Should TSA Body Scanners Distort Naked Images?

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A Lawrence Livermore National Laboratory scientist says he has a simple fix for the uproar over the Transportation Safety Agency's body scanners. Distort the image, Willard Wattenburg argues, and you take away (at least some of) the privacy objections that could be made. In Wattenburg's formulation, noted by the Washington Post, bodies would be stretched as in a funhouse mirror, presumably removing any titillation associated with nudity.

The TSA is pursuing a more complex computer-vision system that, as we reported last week, may not be as easy to construct as the agency hopes.

Wattenburg first filed a patent for his system in 2006, after which he says he contacted the Department of Homeland Security because it was obvious to him that as soon as the scanners went into use, people would "scream like hell because they're taking the clothes off everybody" The DHS wasn't interested, according to the Post story.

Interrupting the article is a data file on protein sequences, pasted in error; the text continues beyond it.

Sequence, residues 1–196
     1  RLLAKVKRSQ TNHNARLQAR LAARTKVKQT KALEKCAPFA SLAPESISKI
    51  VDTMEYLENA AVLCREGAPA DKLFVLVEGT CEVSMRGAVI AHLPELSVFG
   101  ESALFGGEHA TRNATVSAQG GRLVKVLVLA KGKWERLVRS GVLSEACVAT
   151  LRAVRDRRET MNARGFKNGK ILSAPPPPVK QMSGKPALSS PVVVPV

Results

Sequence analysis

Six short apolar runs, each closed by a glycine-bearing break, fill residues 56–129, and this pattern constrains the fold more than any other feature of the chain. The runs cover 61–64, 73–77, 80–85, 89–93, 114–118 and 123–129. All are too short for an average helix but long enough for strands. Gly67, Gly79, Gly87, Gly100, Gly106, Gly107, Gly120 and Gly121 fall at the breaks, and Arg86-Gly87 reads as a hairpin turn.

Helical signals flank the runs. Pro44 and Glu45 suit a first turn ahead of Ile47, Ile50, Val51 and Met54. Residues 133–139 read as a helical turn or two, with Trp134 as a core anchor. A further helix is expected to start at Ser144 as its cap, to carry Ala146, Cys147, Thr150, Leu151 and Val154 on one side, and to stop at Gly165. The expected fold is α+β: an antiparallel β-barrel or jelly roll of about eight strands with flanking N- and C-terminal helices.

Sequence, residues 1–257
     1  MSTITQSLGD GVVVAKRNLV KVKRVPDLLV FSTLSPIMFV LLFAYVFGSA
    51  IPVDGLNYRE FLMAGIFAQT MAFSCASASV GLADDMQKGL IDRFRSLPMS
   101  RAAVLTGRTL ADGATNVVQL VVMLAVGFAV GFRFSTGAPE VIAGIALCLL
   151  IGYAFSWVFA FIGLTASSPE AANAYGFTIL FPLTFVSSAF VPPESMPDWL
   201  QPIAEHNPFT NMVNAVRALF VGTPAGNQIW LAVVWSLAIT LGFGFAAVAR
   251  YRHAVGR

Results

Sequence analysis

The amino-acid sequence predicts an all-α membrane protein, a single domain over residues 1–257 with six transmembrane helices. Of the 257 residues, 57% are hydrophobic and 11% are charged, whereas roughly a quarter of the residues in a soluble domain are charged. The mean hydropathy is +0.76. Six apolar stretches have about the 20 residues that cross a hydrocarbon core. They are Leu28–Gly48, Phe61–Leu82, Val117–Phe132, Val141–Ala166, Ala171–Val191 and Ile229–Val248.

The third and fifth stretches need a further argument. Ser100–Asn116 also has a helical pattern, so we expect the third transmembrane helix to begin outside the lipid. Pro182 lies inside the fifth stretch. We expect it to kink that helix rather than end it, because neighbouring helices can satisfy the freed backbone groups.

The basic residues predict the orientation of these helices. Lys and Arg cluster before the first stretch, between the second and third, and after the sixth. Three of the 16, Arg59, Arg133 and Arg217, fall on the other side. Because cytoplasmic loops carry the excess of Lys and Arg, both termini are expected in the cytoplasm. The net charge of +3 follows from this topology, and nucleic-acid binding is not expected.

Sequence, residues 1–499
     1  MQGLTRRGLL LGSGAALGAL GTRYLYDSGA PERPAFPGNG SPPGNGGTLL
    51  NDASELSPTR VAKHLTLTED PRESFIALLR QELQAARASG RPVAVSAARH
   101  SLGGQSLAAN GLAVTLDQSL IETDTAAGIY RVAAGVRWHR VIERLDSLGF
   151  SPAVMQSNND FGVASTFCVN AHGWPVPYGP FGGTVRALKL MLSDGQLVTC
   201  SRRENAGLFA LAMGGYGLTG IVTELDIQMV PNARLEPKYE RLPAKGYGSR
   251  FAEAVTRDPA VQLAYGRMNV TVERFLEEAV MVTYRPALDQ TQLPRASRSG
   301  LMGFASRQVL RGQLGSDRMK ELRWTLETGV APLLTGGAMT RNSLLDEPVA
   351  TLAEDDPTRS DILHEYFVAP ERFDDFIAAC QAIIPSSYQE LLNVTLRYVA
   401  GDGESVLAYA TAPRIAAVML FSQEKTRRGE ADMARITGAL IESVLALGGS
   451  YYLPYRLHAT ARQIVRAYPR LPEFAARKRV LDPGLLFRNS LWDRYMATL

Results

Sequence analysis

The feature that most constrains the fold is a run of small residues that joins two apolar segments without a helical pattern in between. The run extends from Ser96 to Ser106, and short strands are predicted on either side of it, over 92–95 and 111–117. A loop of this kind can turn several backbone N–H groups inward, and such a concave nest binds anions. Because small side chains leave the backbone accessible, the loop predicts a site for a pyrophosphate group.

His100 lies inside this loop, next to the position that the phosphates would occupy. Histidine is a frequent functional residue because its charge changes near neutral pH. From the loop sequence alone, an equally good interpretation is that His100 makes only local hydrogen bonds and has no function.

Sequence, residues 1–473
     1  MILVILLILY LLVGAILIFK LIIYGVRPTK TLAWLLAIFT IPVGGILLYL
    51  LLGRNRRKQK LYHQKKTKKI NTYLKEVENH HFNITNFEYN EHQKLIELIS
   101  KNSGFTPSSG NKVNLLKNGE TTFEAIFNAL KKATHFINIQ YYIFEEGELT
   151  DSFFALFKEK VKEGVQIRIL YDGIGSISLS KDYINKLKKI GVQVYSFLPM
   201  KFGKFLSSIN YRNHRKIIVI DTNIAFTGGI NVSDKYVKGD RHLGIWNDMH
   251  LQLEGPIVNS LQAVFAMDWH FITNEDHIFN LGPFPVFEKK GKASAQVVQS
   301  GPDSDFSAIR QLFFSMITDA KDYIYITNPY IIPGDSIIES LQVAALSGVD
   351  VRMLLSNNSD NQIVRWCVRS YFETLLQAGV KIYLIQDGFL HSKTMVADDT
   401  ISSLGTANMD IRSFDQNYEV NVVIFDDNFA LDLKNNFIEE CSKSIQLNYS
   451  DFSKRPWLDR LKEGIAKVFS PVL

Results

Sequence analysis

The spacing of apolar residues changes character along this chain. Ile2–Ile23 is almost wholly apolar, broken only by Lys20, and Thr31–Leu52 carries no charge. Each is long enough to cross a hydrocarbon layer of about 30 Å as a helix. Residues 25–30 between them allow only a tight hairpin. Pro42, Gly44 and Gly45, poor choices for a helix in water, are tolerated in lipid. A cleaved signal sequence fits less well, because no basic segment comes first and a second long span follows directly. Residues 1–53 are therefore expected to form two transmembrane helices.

Technologically, image processing to distort a body's form is trivial. You take the image that comes in from the scanner, pick some reference points on the body, and then elongate, resize, and stretch the image. The images come out looking less human very quickly -- and that's precisely the point. As Wattenburg notes, any kid with Photoshop could do it. We took him at his word and mocked up -- in rough fashion -- what one of the images could look like after going through one of these distortion algorithms.

The big question seems to be whether Wattenburg's system would allow TSA scanners to see whatever weapons or explosives they might be trying to see. To find out, there would have to be extensive field testing, which has never been done and is not currently planned.

The new system also would not obviate concerns about the accidental or malicious 
storage of images. Nor would it answer Jeff Goldberg's concerns about bombs hidden in body cavities and which these scanners cannot detect.

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